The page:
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GP Week : Issue 138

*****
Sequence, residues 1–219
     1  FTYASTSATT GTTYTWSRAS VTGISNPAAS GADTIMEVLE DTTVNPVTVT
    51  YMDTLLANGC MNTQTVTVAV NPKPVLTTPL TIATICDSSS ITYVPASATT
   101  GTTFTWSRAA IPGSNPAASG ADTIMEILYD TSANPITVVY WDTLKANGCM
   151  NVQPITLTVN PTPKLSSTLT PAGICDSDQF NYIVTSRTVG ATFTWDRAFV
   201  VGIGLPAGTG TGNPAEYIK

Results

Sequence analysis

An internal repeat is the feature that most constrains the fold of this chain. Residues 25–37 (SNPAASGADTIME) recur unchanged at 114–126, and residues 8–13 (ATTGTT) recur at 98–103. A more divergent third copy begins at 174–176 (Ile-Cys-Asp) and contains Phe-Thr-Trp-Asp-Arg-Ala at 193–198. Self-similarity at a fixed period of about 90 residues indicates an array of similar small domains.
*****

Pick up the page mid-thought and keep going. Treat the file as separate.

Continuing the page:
GPWEEK OPINION >> CRT to the rescue. Along with engine growth from 800 to 1000cc, so too the advent of the B-team racers, a totally new concept for motorcycling’s premier World Championship. They get more fuel and more engines, but must be ready to cede engines to factory teams for 20,000 Euros, under the cost-controlling and controversial Claiming Rule that gives CRT its name. Take up had been slow and a couple of original candidates are still wavering. But suddenly there is a gathering tide. San Carlo team owner Fausto Gresini plans to run a CRT machine alongside his factory- spec Simoncelli bike; and Jorge “Aspar” Martinez’s “something else” will be one or possibly even two CRT bikes. Both are teams of the very highest quality and reputation, with long and successful histories. Their commitment to the new dumbed-down class will be a huge encouragement to the waverers. They endow CRT with instant credibility. Dorna needs a similarly instant response from the other would-be CRT teams. Colin Edwards’s Forward Racing squad is the only official confirmation so far, although BQR has a Kawasaki-powered bike under development. They might get that response, with at least one new candidate: the British Paul Bird Motorsport team (dropped from SBK by Kawasaki). But it still requires a massive leap of faith. Nobody is quite sure just how uncompetitive CRT bikes will be against the factory prototypes, only that they will be uncompetitive. More than that, with a variety of engines, nobody is sure how competitive they will be against each other. Which begs the final question ... just what will they be racing for? Only an informal competition amongst themselves, with no prizes beyond bragging rights. There are no plans for a b-grade championship within the championship. Will racing for tenth be enough to attract the sponsorship that even ‘low-cost’ GP racing sorely needs? be something of a theme in this part of the world. The race organisers have put on coaches to ferry the media between Mokpo and Yeongam, which is a godsend in a country where pre-booked hire cars are handed over only after the presentation of a valid international drivers’ licence, which wasn’t mentioned at any point in the booking process. At least, it would be a godsend if the coach drivers knew where they were going and/or possessed the ability to read signs. Each trip to and from the circuit has been via a different route, with journey times ranging from 20 minutes to an hour. But that’s fair enough. The pain comes when you pull into the circuit and see giant signs in English and Korean pointing left for the paddock. The drivers turn right. Every. Single. Time. But you have to laugh, or else you’d cry. Other highlights of the Korean Grand Prix weekend from a media point of view have included no TV feed of FP1, which eventually became a black and white stream; the total failure of all ISDN connectivity at the circuit during FP2; and the inability of the press conference T Vs to display anything other than an amusing Korean soap opera. For me, the defining moment came when I checked into my love hotel and attempted to get down to work. I unpacked my laptop and world plug converter only to find that there was no way any of my plug attachments would fit the Korean socket. Mokpo? It really is out of this world. CRT rescue boosted – but will it be enough? Last tango in Mokpo 23